This is not a commercial project.
The way I understand it is that a combination of over fishing in the 60ís and disease have caused the oyster population in the Chesapeake to crash. It seems that Dermo (Dermo Facts http://www.vims.edu/env/research/shellfish/dermo.html
) and MSX (MSX Facts http://www.vims.edu/env/research/shellfish/msx.html
) kill most young oysters in their second season here. I tested it by keeping some and sure enough they died the second summer. The CBF is saying that the native oyster will come back in time if protected cause some oysters are naturally resistant to dermo and MSX but it would take a long time. What the Chesapeake Bay Foundation is doing is trying to jump start the oyster population.
Oysters reproduce by broadcasting Sperm and Eggs into the water column. So if there is one oyster at each end of a creek the odds of them reproducing is slim. However with 1000ís of Spat, baby oysters, in our floats the biomass is high enough for reproduction to occur.
What we are doing is once a year we get Spat via a contribution, tax deductible, to the CBF. The Spat are placed in bags or Taylor floats at your personal pier. The owner takes care of the little guys for one year. The oysters grow and breed, at least once, in your creek. Then in August the oyster gardeners donate the oysters that they have raised back to the CBF and start the cycle again with new Spat. The collected oysters go to a protected reef. With many 1000ís of oysters delivered to the reef in one day the odds for survival is pretty good. Since the oyster are coming from all over the lower bay they bring different genes to the reef also.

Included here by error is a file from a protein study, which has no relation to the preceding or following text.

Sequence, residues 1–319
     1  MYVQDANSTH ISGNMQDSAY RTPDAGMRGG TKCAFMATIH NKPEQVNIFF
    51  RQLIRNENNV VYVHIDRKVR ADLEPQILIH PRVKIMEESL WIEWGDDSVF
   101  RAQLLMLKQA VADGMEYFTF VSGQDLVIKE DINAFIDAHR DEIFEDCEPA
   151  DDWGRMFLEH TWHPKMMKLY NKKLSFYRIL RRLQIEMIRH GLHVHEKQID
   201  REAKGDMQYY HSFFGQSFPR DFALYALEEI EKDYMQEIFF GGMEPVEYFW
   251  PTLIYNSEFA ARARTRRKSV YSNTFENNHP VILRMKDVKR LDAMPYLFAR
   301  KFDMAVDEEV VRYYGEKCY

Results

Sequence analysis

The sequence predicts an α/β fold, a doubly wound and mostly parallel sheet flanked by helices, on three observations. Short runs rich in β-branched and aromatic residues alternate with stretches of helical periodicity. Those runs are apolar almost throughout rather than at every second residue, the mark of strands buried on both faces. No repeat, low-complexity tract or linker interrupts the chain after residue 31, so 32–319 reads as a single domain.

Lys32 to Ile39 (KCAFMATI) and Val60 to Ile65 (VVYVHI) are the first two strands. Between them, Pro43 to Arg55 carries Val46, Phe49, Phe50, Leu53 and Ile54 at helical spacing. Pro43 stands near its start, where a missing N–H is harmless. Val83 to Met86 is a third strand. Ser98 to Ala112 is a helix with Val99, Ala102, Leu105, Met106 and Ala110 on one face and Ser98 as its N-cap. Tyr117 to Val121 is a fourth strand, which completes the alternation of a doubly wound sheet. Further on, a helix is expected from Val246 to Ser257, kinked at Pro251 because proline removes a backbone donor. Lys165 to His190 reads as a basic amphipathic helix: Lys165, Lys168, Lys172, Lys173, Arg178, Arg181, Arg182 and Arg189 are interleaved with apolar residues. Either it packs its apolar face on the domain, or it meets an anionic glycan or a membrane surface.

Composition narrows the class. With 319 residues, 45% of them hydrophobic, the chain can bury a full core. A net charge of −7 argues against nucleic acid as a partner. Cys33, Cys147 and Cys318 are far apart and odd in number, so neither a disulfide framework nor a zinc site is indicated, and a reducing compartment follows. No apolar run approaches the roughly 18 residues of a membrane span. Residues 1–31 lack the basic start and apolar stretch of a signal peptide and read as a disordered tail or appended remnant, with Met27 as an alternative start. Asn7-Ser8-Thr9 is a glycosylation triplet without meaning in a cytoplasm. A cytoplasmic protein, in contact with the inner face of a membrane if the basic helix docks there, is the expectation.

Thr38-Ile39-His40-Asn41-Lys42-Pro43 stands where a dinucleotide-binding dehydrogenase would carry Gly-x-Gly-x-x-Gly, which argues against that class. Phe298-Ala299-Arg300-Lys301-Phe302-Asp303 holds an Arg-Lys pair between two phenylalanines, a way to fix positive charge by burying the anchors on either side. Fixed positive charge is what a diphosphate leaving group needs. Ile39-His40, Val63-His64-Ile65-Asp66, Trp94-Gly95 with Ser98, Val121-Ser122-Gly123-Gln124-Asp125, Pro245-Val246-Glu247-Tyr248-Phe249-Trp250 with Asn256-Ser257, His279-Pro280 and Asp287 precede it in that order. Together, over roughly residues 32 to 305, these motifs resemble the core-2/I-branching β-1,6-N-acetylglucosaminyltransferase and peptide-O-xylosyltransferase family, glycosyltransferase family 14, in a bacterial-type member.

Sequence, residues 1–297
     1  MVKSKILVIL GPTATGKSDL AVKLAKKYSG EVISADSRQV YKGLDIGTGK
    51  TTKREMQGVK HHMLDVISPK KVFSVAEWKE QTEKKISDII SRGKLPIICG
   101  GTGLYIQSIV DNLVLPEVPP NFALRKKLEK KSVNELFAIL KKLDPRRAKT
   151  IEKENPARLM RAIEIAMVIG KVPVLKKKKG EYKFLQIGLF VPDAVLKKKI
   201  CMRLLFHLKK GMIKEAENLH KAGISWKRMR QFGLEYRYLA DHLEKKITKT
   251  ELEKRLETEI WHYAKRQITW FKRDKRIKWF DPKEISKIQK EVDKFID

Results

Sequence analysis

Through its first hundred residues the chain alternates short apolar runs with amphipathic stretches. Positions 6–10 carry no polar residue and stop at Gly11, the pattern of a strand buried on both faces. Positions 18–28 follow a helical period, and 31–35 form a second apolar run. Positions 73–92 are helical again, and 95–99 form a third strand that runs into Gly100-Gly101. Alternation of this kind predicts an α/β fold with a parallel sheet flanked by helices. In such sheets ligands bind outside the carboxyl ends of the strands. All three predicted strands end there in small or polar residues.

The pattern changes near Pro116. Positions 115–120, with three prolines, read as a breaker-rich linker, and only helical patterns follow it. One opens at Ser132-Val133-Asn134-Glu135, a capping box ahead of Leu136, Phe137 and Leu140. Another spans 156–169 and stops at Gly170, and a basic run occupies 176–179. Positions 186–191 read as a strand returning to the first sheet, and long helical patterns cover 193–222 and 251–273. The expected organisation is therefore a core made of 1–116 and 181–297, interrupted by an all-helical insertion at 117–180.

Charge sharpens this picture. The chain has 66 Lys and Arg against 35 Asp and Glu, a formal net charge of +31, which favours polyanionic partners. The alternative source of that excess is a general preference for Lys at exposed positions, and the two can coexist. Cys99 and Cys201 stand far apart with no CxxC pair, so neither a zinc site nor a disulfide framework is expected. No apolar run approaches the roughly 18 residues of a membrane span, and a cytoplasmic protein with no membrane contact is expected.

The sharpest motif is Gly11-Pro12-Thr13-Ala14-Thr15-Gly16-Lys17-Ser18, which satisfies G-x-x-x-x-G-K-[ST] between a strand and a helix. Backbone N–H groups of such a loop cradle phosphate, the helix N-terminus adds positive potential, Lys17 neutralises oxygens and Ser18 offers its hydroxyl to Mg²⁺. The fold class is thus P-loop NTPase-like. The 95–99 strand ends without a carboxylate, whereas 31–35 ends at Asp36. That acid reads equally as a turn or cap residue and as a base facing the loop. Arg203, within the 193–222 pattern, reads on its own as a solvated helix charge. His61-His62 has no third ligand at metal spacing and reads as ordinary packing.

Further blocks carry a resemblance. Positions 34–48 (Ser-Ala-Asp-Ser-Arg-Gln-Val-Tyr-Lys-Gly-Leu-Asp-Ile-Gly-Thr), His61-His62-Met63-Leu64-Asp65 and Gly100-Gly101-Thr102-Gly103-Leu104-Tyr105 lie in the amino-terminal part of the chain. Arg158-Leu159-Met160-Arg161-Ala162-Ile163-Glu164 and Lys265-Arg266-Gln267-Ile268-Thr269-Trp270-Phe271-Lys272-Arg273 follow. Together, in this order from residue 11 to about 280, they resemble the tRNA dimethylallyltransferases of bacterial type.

The CBF is saying that this program could bring the oyster population back within 10 years. The good news is that the guys that have been into it for a few years are reporting wild oysters in their creeks and in the area of the reef, wild oysters are definitely multiplying. . So, it looks like it is working.
If you have a water front property, here is your way to help the bay.. And it is tax deductible. More info here http://www.deq.virginia.gov/coastal/gardening.html